one more thing: you also have more advanced patterns here, like session per conversation and such, but this is advanced stuff in which I'm having my head wrapped in right now, if you want take a look at uNhAddIns projects (for NHibernate also)

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Thanks a lot for your recommendation. This is really good stuff. Actually this is ideal to have I would say. Unfortunately I don't think I can go for an ORM right now, but maybe 'Entity Framework' later. At the moment I will stick to ADO.NET and maybe I will try to adopt some of the stuff described in the link you sent (if I could find a way). –  Learner Jun 13 '11 at 12:54
2  
Well it is not really complicated and I see that you are thinking in the right directions. UnitOfWork / repositories, it is all doable with ADO.NET too, just the thing is you will spend lot of time on building really structured data layer like that, because you will not want to have simple repetitive CRUD methods. If you are going the "simpler" way of raw ADO.NET, than try to use Table Data Gateway / Table Modules patterns, with databinding to DataTables which .NET heavily supports (don't use VS designer binding, use manual binding). Both patterns are described in PoEAA Fowler's book. –  Denis Biondic Jun 13 '11 at 13:00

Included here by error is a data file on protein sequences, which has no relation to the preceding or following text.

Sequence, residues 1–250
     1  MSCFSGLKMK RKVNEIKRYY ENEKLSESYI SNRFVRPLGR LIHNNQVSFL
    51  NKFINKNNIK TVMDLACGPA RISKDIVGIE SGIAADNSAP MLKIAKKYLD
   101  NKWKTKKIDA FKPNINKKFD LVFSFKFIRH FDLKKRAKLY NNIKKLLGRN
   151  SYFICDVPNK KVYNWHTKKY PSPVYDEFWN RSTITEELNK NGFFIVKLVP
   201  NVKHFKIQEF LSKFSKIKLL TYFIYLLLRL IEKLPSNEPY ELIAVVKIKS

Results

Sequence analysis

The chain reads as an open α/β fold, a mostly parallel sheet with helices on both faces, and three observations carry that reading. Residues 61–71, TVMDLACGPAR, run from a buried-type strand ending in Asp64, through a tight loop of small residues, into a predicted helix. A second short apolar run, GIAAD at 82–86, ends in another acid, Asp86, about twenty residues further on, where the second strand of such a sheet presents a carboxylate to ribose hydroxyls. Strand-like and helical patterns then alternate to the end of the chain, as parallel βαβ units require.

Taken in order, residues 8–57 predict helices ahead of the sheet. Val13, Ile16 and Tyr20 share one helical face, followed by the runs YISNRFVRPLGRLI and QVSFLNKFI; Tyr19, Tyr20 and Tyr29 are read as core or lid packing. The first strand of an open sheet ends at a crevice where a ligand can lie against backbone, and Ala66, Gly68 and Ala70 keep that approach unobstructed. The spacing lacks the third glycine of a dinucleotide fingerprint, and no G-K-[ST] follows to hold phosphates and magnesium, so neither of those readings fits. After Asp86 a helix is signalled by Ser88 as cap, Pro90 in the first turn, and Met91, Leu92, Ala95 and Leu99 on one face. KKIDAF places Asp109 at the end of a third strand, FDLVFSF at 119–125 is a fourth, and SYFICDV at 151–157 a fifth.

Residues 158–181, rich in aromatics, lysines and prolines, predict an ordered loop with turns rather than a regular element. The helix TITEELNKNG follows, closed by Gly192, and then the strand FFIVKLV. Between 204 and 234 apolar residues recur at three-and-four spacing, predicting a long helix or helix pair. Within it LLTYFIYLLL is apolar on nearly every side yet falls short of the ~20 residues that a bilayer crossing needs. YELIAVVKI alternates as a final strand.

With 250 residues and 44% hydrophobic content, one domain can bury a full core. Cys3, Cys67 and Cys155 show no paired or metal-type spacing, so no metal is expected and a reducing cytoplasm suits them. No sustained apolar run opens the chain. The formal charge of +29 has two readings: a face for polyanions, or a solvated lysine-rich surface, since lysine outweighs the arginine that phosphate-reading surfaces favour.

Try abstracting the ADO.NET layer also, by having something like: SqlExecutor with: IsolationLevel IsolationLevel { get; set; } void StartTransaction(); void Commit(); void Rollback(); void ExecuteNonQuery(string sql); object ExecuteScalar(string sql); etc... –  Denis Biondic Jun 13 '11 at 13:01
    
""Try abstracting the ADO.NET layer also"" - this is exactly what I partially have already... and gives me a good starting point for different db servers. What I don't have flexible enough though is a mechanism of handling transactions outside of data layer. –  Learner Jun 13 '11 at 13:15
    
Thanks much... Your info is very valuable and I really appreciate. I will leave the question open to see if there is anybody else to come with some new ideas. –  Learner Jun 13 '11 at 13:18

I would go for TransactionScope, because it's much simpler to use, as you don't need to carry over a transaction object, or pass it to every method. It's ambient. It means, most of the time, developers can almost forget about transactions, write cool business-oriented methods, and then, later, add transaction wrappers (using 'using') where it's really needed, afterwards. (sounds idyllic I know, but it's almost that).

Contrary to popular belief, using a TransactionScope does not means MSDTC will be involved, see here for a recap on this:

Avoid unwanted Escalation to Distributed Transactions